Weeks after federal regulators finalized rules aimed at making prepaid cards safer and less costly for consumers, a new report from the Federal Deposit Insurance Corp. finds that more households are relying on the financial products than ever before. [More]
Google can’t stop you from searching for “payday loans,” and the company’s search engine will continue to turn up results for people inquiring about these short-term, high-interest loans, but it can choose to stop running ads for payday lenders. [More]
Every year, more than 12 million Americans spend $17 billion on payday loans, despite the fact research has shown these costly lines of credit often leave borrowers worse off. Yet abusive lending practices are not relegated to borrowers in need of a couple hundred dollars to stay afloat until their next paycheck; there are mortgages, car loans, and other traditional lines of credit that can leave the borrower in a bind. Even if you never find yourself on the wrong end of a predatory loan, these products can still be a drain on your entire community. [More]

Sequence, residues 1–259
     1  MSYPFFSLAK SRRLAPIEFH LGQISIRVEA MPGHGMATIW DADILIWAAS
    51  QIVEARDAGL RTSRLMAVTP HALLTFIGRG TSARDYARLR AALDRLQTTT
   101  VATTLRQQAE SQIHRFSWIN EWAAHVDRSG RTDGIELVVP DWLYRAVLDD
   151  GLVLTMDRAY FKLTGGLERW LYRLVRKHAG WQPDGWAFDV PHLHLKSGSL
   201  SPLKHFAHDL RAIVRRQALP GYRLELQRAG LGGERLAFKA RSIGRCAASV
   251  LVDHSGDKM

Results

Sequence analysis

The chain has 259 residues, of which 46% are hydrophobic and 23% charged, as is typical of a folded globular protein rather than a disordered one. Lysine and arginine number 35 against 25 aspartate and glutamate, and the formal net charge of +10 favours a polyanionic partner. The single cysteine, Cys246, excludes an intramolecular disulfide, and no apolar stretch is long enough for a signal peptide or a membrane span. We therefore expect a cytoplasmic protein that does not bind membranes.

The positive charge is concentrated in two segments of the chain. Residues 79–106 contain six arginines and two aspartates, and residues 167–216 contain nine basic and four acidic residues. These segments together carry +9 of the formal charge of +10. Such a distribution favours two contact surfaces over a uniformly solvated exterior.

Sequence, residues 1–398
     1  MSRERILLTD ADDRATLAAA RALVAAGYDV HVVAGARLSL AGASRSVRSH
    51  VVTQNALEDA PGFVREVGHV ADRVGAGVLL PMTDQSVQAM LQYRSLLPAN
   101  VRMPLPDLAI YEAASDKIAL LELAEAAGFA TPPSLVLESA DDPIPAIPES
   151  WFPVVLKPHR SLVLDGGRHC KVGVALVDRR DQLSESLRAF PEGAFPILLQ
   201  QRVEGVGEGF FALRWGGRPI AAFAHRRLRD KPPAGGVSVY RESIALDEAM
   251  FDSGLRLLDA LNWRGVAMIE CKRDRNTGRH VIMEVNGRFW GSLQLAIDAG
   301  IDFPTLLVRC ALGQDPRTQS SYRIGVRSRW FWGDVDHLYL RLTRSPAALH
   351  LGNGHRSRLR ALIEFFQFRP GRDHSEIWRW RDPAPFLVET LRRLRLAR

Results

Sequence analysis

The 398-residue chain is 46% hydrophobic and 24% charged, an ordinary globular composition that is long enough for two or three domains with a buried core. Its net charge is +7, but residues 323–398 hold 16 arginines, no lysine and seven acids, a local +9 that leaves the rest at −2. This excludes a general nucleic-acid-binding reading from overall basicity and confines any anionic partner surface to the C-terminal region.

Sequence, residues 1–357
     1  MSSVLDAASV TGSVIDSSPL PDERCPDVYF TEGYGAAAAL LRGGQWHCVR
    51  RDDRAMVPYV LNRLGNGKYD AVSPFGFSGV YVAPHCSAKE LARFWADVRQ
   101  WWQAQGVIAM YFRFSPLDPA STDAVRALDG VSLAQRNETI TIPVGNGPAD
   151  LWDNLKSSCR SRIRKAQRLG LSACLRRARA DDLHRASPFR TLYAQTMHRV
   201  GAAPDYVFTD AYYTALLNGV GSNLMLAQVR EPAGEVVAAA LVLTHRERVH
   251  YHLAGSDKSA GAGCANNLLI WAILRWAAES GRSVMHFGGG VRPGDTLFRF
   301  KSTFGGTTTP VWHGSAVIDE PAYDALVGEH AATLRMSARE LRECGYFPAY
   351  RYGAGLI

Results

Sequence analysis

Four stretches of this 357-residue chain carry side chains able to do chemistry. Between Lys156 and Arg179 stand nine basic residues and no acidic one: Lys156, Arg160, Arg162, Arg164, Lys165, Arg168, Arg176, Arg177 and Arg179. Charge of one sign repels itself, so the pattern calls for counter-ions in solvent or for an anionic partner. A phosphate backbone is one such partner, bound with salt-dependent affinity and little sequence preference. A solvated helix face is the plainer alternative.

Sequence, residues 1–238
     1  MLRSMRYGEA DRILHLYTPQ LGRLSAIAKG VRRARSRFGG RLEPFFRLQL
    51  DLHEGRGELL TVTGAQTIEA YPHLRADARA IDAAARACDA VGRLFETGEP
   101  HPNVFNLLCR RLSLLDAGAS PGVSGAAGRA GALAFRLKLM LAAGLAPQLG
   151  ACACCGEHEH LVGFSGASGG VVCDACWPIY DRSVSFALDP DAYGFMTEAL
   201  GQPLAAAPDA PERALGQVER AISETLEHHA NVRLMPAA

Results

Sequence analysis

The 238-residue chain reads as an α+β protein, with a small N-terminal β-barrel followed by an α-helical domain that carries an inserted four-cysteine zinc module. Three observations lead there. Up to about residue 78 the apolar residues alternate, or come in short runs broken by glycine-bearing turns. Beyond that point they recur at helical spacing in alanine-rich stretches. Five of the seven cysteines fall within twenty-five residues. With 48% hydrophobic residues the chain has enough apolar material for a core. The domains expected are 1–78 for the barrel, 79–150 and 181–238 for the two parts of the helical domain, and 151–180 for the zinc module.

In a move designed to make sure their neighbors throw extra eggs at their houses, a handful of former AIG employees are threatening to sue because they haven’t received bonuses as quickly as they had expected.
Shhh, everyone, gather near and listen to Treasury Secretary Timothy Geithner deliver the most beautiful, wonderful mandate we could give to a new federal agency: “The agency will have only one mission—to protect consumers.” And with that, the Treasury Department sent to Congress legislation that will create the brand new Consumer Financial Protection Agency.
Andrew Cuomo has written a letter to AIG in which he explains that they will turn over the names of those employees from the Financial Products subsidiary (that’s the division that brought down the company) who are receiving bonuses by 4:00 pm today or they are coming at them with subpoenas. Yes, ladies and gentlemen, it’s another awesome Andrew Cuomo letter after the jump.